Something else to think about. Who says that hoselines have to be the same diameter over their entire length? If you have a long distance, use larger hose closer to the pump to reduce friction loss.

    We use 1-3/4" with TFT mid range automatics (most of the time) and 2-1/2" handlines with 1-1/4" solid stream tips or TFT automatics (when flow requirements exceed 200 gpm). But there are a wide range of other options that will also work. The key is water in the right volume and form in the right place at the right time.
    Ed Hartin, MS, EFO, MIFireE

  13. #13
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    depends on the building, and the potential fire load. room and contents in a SFD, 1.75, roll up on an appt fire with more than 1 room involved, or any commercial building with smoke showing, im pulling the 2.5 preconnect. better safe than sorry.

  14. #14
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    We run 1.95" diameter attack lines and 2 1/2" for our big lines.

  15. #15
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    Actually, the most common line pulled here is the booster or 1" forestry line as we have 5x-7x the number of brush and wildland fires than all others combined.

    Was assuming structure fires in the poll. We rarely, and I mean rarely pull anything but the 1.75". our members and officers are simply not trained to think about the 2.5" and it usually gets pulled, if pulled, well after the 1 1.75s at a commercial fire. That is something we need to work on, but it's not something confined to our agency as I have seen that mindset quite often in volunteer departments here, as well as where I was from in the northeast.

  16. #16
    Forum Member Chauffeur6's Avatar
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    Bones - Sorry I snapped a bit, I should've just left the chart out altogether and asked for what size hose everyone uses. Not that I'm really objecting to a good discussion, but it seemed like the point of the thread was going to quickly get derailed.

    In any case, I'm actually very surprised to see 2" hose seems to be so rare. I'm very happy that our dept choose long ago to go with that size, I think the extra water really makes a difference. Some mutual aid companies have commented that it feels quite a bit heavier and bulkier than their 1.5" or 1.75", but obviously we don't know any better as we were either brought up on it or used to it at this point.

  17. #17
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    Question

    what do the 2" crew guys use as a back up line, 2" or 2.5"?
    I've been taught equal or larger for back upand RIT. we don't carry much extra 2".

  18. #18
    Forum Member Chauffeur6's Avatar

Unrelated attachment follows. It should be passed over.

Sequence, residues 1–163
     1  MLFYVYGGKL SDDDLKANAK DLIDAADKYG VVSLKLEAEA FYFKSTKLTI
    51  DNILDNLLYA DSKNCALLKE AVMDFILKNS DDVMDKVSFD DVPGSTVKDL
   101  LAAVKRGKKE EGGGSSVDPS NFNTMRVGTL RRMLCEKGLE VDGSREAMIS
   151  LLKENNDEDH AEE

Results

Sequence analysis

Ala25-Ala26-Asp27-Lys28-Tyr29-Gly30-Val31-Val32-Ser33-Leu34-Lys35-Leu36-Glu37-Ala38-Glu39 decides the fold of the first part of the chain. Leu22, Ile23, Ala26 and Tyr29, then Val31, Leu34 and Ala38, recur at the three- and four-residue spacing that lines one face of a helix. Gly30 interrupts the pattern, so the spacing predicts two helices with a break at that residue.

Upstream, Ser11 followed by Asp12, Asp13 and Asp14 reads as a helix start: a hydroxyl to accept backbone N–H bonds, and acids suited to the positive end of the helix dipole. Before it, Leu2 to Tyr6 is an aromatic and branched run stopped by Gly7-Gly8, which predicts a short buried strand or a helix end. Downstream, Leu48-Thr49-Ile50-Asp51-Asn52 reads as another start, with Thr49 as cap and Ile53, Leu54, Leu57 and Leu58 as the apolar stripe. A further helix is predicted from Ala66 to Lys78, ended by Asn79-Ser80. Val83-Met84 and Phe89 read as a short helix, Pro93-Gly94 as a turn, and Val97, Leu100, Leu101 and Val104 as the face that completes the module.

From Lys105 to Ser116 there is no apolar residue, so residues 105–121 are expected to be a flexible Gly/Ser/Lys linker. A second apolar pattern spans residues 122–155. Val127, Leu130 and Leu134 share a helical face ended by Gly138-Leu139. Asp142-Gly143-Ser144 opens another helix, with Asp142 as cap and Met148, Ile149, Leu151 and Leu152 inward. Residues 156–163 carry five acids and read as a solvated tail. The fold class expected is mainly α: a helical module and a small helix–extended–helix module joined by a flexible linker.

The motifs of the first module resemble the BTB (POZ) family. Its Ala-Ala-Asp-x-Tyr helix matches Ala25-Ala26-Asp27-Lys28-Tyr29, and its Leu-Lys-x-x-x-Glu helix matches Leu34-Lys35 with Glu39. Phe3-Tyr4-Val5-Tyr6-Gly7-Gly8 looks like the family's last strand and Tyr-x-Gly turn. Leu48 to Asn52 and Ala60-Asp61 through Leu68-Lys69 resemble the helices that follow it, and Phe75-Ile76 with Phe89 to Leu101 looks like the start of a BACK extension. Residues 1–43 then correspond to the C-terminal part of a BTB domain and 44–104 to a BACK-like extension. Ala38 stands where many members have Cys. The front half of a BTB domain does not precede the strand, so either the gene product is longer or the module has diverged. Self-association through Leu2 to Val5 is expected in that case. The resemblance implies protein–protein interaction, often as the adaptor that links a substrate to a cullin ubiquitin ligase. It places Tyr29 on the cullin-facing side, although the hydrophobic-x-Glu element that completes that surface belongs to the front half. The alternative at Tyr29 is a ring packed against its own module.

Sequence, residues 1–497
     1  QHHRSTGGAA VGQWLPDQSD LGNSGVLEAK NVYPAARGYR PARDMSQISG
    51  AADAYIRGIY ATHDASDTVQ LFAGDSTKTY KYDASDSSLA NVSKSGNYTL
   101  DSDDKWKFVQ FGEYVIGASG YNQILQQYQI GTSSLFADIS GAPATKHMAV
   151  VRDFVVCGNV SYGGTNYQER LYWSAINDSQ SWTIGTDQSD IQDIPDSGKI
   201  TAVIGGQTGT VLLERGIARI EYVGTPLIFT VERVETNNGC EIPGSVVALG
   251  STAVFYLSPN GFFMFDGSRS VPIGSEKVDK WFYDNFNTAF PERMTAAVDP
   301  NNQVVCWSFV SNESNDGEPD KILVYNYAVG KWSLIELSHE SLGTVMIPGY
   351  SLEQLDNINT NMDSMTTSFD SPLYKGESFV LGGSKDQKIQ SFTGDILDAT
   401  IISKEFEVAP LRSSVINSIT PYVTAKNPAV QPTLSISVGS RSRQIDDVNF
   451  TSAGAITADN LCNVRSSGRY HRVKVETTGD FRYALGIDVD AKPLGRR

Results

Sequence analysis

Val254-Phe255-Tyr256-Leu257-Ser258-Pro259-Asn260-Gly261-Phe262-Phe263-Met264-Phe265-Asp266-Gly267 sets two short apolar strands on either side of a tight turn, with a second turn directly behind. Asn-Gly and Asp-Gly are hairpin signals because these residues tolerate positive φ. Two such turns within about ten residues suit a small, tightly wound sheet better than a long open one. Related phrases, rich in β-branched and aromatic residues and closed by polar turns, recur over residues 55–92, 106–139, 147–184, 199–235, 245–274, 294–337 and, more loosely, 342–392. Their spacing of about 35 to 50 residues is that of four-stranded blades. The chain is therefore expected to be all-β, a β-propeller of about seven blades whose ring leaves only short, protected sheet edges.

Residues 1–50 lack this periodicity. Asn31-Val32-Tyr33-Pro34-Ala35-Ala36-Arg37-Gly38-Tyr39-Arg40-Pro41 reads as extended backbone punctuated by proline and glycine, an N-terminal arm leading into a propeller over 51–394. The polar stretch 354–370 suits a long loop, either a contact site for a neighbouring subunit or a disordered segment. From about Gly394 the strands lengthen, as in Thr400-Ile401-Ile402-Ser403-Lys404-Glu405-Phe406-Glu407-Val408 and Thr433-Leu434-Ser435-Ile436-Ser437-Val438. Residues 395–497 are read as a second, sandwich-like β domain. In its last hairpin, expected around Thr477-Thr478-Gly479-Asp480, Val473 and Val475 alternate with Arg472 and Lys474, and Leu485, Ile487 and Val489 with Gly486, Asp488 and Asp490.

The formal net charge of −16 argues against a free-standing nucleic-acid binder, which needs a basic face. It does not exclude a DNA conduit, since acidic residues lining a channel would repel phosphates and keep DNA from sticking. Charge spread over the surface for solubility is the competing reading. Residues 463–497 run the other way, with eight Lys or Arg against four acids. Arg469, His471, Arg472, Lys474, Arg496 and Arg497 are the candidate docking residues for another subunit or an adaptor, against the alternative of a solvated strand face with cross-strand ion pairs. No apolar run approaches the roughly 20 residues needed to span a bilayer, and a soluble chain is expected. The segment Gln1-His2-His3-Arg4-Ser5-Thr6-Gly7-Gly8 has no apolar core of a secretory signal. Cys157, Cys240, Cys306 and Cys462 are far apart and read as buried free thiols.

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    Quote Originally Posted by rescue84
    what do the 2" crew guys use as a back up line, 2" or 2.5"?
    I've been taught equal or larger for back upand RIT. we don't carry much extra 2".
    All of our handlines are either 2" or 2.5". We don't have any attack line that is smaller than 2" anywhere in our dept, so every backup line is also either a 2" or a 2.5", as the conditions warrant.

  19. #19
    Forum Member Bones42's Avatar
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    IF we lost all of our current hose and were to start from scratch, 2" would be considered. Having lived through the switch (little bit at a time) from 1.5" to 1.75", I'd probably shoot myself before starting a 1.75" to 2" switch a little bit at a time. Gets too confusing. It's simply out of our budget to change all the 1.75" lines to 2" with not great enough benefit. And i will agree there is benefit to 2" over 1.75". We've made/kept life simple. 1.75", 2/5", 5". That's it. With our current manpower, handling a 2" over a 1.75" would not be a big deal, heck, the last R&C fire we had I ran with 7 on the first due engine.
    "This thread is being closed as it is off-topic and not related to the fire industry." - Isn't that what the Off Duty forum was for?

  20. #20
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    To emphasize Bone's good reply...

    So what if the chart wasn't 100% accurate?

    It's bad to give out poor information.

    Left unchallenged, you have some young buck out there who'd believe their 1.5" line can flow 180gpm, and there's only a 50gpm difference between a 2" and 2.5" line.

    Knowing the fire service and how much attention most people pay to reading the responses, that's probably still true even after correction.

    I'm perfectly happy with 1.5" as a bread-and-butter line upto and including room and contents fires or several rooms in a residential building if the fire hasn't extended to another floor. Most of our fires are in SFDs or small MFDs (usually 4 or fewer apartments on 3 floors or less). 1.75" is the next option, then 2.5".

    I can not think of a situation where an 1.75" line was ever overwhelmed during an interior attack in my department by the fire. I have seen the smaller handlines (1.5" and 1.75") take out far more fire than I expected, including one 3 story building with fire showing on 3 floors that I wrote off on arrival...and our guys left standing using just two small handlines.

    I've also seen less fire turn into a building being lost -- sometimes by factors that can be fixed by training and reviewing fundamentals, sometimes by the factor of somedays you're just gonna make a parking lot and there's nothing you can do to change it. None of those was insufficient flow -- it was the inability to get the wet stuff on the red stuff at the right place and time in the right way.